Difference between red and brown copper toning?

Discussion in 'Coin Chat' started by mrjason71, Dec 5, 2017.

  1. mrjason71

    mrjason71 Active Member

    I've heard (read) you say that copper begins turning the moment it leaves the mint (or sooner). There are many shades it turns before being considered brown--red encompasses quite a few shades, no? From pink to orange...

    Did an experiment last night. Dropped a few cents in a plastic bag with a sulfur emanating substance. I can see it is definitely a gradual process. What is interesting is that the cents that were full red to begin with--those with full luster--tone much less slowly. Those places where luster were broken really toned fast and are brown over night. The toning is also very spotty. I'm thinking luster is what makes copper tone evenly. Or is luster tone? I believe that's the case. Fascinating stuff. You need even luster to get even color. All other things being equal. Thanks as always for considering my questions. Learning a great deal :)
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  3. Buddy Love

    Buddy Love New Member

    My first post on Coin Talk.

    MrJason, you are on the right track here. Bare copper is not red, and an "original red copper coin" is a complete misnomer. Bare copper is salmon, light pinkish orange, however you want to describe it, not red.

    Copper oxidizes. Actually, copper oxide is black in color. There are two states of copper oxides, copper I oxide, orCu2O, and copper II oxide, or CuO. Copper first oxidizes to form oxide I, which is a red color (refer to pink oxide cuprite). This oxidizes further into II, which is a black oxide (refer to tenorite). It is this combination or further oxidation that can cause a red coin to turn brown.

    Some copper coins do not just turn red then brown, but take on other colors. This is a result of other interactions with the environment. For one, the presence of moisture and sulfides, along with other things including oxides, can produce a thin film interference on copper coins. It is the same effect you see on silver coins, but with a different starting color of the base metal. Not to get into a big explanation of thin film interference, but the first order of interference drops out other wavelength colors, leaving red as the dominant color. This is why you sometimes see copper coins that have built a thin film beyond the first order start to take on different colors. Blue tones are next, which explains some reddish/bluish/purplish looking coins, then yellows, reds, greens, etc. etc. through thin film build-up until a coin ultimately goes dark, or brown.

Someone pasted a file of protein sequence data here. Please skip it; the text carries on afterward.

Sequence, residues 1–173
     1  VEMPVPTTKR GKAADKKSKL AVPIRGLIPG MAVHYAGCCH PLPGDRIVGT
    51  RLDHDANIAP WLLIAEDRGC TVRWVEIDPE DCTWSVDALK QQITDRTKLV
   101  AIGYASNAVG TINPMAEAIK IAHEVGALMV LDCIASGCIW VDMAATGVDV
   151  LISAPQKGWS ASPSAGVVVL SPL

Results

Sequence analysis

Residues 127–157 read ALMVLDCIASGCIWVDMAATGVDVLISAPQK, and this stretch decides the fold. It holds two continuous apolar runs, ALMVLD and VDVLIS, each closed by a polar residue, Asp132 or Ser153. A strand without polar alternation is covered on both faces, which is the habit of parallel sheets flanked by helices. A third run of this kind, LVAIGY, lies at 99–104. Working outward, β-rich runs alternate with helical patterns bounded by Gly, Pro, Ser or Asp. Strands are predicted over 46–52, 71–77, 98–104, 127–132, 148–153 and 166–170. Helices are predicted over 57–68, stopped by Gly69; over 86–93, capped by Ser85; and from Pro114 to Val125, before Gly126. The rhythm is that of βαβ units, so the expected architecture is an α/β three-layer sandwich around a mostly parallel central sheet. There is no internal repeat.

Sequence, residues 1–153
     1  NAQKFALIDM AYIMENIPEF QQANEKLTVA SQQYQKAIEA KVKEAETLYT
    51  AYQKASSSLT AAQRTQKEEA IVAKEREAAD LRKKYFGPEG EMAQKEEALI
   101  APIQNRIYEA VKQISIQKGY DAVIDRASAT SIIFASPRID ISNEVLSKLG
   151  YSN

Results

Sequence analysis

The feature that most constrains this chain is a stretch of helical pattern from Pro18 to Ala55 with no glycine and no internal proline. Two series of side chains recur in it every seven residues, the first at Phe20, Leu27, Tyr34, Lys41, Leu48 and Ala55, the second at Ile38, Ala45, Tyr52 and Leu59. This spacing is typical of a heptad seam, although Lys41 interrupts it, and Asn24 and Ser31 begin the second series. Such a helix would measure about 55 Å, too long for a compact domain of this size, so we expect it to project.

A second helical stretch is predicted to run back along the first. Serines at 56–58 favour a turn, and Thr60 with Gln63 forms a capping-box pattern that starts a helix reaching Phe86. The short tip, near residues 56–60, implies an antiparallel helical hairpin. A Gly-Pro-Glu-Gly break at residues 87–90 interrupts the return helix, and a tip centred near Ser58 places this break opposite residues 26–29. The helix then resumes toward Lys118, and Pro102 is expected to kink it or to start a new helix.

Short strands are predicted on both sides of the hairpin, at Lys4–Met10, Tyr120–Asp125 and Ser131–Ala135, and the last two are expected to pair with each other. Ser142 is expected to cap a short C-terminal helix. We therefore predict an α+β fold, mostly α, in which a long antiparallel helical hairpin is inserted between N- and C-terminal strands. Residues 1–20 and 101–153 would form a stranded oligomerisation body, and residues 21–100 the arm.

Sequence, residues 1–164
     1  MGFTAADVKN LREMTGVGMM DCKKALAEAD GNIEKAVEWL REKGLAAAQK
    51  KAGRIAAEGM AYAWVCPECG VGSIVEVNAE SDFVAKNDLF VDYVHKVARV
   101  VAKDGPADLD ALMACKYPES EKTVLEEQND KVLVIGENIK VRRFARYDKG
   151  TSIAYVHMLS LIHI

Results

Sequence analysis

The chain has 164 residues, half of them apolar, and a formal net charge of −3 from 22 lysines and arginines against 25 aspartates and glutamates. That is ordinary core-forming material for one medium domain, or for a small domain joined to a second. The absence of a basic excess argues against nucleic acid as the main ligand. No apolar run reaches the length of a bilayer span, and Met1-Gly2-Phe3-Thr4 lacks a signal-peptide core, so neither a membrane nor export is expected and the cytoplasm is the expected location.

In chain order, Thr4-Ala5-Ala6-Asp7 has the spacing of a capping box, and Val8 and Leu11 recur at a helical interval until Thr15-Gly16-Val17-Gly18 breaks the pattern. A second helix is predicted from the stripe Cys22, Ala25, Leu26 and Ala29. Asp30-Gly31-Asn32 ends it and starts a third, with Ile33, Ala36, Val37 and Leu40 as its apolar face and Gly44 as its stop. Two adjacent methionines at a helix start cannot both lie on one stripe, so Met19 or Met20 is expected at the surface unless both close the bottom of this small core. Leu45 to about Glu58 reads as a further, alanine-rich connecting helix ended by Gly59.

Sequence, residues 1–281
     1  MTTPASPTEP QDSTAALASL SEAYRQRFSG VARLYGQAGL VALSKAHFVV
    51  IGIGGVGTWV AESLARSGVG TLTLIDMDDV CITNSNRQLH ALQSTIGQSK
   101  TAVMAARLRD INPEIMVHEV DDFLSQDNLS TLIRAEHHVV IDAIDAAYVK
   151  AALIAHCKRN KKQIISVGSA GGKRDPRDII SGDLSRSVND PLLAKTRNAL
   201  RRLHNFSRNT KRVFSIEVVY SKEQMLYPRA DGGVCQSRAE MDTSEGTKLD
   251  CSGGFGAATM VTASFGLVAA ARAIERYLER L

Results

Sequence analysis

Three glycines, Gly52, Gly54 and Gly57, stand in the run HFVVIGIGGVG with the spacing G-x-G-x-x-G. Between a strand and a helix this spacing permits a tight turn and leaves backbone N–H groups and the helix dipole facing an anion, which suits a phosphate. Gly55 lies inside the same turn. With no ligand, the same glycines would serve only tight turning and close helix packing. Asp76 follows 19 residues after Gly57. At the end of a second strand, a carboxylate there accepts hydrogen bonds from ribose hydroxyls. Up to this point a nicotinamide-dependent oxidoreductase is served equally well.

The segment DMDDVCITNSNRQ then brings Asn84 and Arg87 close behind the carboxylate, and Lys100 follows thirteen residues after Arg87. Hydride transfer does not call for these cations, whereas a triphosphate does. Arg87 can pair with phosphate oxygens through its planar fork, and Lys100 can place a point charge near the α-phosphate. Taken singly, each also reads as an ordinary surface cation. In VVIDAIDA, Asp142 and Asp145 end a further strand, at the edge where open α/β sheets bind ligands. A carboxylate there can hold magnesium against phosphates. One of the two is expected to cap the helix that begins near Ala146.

jafo50, mrjason71, tpsadler and 3 others like this.
  4. desertgem

    desertgem MODERATOR Senior Errer Collecktor Moderator

    The luster is from the microscopic flow lines from striking. However as you quoted above from Doug, The fresh copper surface begins reacting immediately to the environmental air. The press room is not like NASA, there are volatile substances in the air that starts to react with the surface in a thin layer. This thin layer on the coin surface offers protection as time progresses from other reactive substances, and produces a slow change in tone over time. If any scrape or rub in circulation or damage removes some of it, then the pure interior copper will be exposed and react. If someone has put it into a more contaminated environment ( toning experiment :) ) they will react with a different end product and produce colorations that are not normal for the rest of the coin surface. Jim
  5. SuperDave

    SuperDave Free the Cartwheels!

    Please don't make this your last post as well as your first. :)

    Understanding the chemistry behind coin interactions is the best way to avoid believing opinion based on things which are not fact.
    tpsadler, Kentucky and RonSanderson like this.
  6. Michael K

    Michael K Well-Known Member

    Did you drop copper cents in the bag 1981 and before, or copper plated zinc cents 1983- present?
  7. Colonialjohn

    Colonialjohn Active Member

    Buddy Love has the closest answer. Copper forms different oxides with various colors. We see more colors in older coppers and we see these different colors particularly in U.S. Colonial coins. I guess with longer time frames exposed to both sulfur and chlorine (chlorides) we have much more different colors on coppers than 20thC or even 19thC copper type coins. See Wikipedia on copper and its oxides - we see brown, black, green, orange and blue. Can't think of another at the moment ... different copper oxide compounds ... different colors ... not so much sulfur (copper sulfide) but mostly copper oxides.